Shepherd v. Southern Ry. Co.

Decision Date16 July 1970
Docket Number6 Div. 728
Citation288 Ala. 50,256 So.2d 883
CourtAlabama Supreme Court

Rives, Peterson, Pettus, Conway & Burge, W. Engene Rutledge, Birmingham, for appellant.

Cabaniss, Johnston, Gardner & Clark, and Crawford S. McGivaren, Jr., Birmingham, for appellee.

HARWOOD, Justice.

In the suit below the plaintiff claimed damages of $100,000.00 for personal injuries sustained by him in the course of his employment by the defendant as a member of a switch engine crew. The complaint averred that his injuries resulted when the air hoses between two railroad cars became uncoupled, and one of them flailed about, striking him on the left jaw. His jaw was broken and a jaw tooth was knocked out, and he was caused to suffer great physical pain and mental anguish, and had to undergo hospitalization and medical and surgical treatment. The complaint further averred that plaintiff's injuries were the proximate result of a violation by the defendant of one of the Federal Safety Appliance Acts generally known as the 'Air Brake Act' and that the defendant operated its railroad interstate.

The trial resulted in a verdict in favor of the plaintiff, his damages being assessed at $14,000.00.

The defendant duly filed a motion for a new trial and after a hearing thereon the court entered an order granting the motion. This appeal is from such order.

Since the plaintiff and defendant occupy the same relative position on this appeal as they did in the trial below, they will hereinafter be referred to as the plaintiff and defendant.

In the trial on the merits the plaintiff testified that he, in carrying out his employment, had coupled the air hoses between two cars. When he turned on the air valve the hoses came apart, and flailed about. The metal fitting on the end of one of the hoses struck him on the jaw, knocking out a tooth and breaking his jaw.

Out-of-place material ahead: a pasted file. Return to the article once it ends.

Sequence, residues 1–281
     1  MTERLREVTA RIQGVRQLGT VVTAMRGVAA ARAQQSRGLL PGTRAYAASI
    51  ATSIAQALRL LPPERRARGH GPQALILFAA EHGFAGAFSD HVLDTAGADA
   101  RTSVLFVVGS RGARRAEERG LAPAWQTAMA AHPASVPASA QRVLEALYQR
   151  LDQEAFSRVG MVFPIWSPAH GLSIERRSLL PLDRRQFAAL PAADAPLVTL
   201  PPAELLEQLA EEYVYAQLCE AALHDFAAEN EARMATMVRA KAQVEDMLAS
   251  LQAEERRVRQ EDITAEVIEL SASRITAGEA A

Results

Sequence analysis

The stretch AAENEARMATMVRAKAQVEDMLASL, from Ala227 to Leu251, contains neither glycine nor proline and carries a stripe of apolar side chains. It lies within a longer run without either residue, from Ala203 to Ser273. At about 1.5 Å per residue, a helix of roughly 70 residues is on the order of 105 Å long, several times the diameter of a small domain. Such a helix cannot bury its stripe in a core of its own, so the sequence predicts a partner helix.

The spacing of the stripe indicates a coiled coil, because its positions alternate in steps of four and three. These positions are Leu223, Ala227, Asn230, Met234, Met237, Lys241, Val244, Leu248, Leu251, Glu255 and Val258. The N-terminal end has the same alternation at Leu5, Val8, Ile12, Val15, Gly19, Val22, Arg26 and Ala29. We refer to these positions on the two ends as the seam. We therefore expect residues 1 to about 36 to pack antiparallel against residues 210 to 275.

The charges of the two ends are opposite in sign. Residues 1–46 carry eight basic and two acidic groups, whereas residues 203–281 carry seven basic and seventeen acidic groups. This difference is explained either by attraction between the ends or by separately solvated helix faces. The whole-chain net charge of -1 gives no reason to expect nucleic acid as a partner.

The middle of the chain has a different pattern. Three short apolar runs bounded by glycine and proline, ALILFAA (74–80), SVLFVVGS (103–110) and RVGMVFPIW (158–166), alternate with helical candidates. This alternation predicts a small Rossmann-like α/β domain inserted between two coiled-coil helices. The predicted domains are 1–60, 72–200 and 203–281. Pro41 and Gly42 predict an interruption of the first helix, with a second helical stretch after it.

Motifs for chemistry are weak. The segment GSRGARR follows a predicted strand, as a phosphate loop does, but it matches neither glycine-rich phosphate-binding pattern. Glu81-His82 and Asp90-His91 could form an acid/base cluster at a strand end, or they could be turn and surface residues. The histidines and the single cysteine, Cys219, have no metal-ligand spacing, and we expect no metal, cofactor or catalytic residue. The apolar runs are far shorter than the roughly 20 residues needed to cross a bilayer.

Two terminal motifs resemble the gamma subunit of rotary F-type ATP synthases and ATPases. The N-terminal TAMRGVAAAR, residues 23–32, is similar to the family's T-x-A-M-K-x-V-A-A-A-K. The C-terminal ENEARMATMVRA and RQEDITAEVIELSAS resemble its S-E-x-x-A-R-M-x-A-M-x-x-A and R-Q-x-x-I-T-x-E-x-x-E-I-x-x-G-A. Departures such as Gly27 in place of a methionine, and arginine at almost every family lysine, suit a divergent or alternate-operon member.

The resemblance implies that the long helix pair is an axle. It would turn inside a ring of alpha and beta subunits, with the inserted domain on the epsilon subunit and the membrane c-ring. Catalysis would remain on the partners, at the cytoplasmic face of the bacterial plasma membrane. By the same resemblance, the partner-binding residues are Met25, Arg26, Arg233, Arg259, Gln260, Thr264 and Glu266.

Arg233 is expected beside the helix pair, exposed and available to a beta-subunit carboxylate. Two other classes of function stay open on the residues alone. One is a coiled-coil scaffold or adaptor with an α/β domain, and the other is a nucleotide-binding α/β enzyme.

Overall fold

The plaintiff further testified that on this occasion he had carried out the procedure of coupling the air hoses as he had been instructed in the brakeman's school conducted by the defendant, and as he had previously done in thousands of instances.

He had seen air hoses burst, but these instances involved the rubber part of the hose. This was the first time he had seen an air hose become uncoupled. When coupled air hoses are supposed to remain coupled.

L. R. Willard, an employee of the defendant for some thirteen years, was yard foreman at Winston-Salem, North Carolina, and a member of the switching crew at the time of plaintiff's injuries.

Willard first saw the plaintiff as he came around the end of a car. He was holding his jaw and had a tooth in his hand. The plaintiff could not talk too well but tried to tell him he had been struck in the jaw with an air hose.

Willard and another crew member, Kenneth Roberts, went to the site where the plaintiff had been coupling the air hoses. They found the air hoses uncoupled. They observed nothing wrong with the hoses, and one or the other of them coupled the hoses together, and they observed nothing defective in the couplings.

Willard testified that on two occasions he has seen air hoses become uncoupled when they were not supposed to--it is not a common occurrence but it does occur.

Kenneth Roberts, also a member of the crew with which the plaintiff was working, gave testimony largely in accord with the testimony of the witness Willard.

Roberts did further testify that on one occasion he was riding on the 'floor board' between an engine and a car when an air hose between the engine and the car 'flew apart' and hit him on the leg--'knocked me for a loop, really.' Roberts had coupled the air hoses himself, and had coupled them properly.

R. M. Hutto, who had worked as brakeman and switchman for the defendant for over fifty-one years, until his retirement, testified that he had coupled thousands of air hoses during his employment. Mr. Hutto demonstrated to the jury the proper procedure for coupling air hoses.

He has had air hoses that he had coupled and turned air into in the manner demonstrated, come loose 'lots and lots of times.' Afterwards he would recouple the hoses and they would work all right.

Mr. Hutto further testified that the fifteen years ago he had been hit on the leg by an air hose becoming uncoupled, and that he carried a scar on his leg from this blow. He himself had coupled this hose and cut the air into it when it flew around and hit his leg. Afterwards he recoupled the air hose and it worked properly.

Mr. Hutto further testified that the incident happened 'about fifteen years ago.' At the request of plaintiff's counsel, he exhibited his leg to the jury.

On cross examination Hutto denied that he had testified against the defendant in several cases, or that his frequent visits to the office of plaintiff's counsel had necessarily been in connection with cases against the defendant.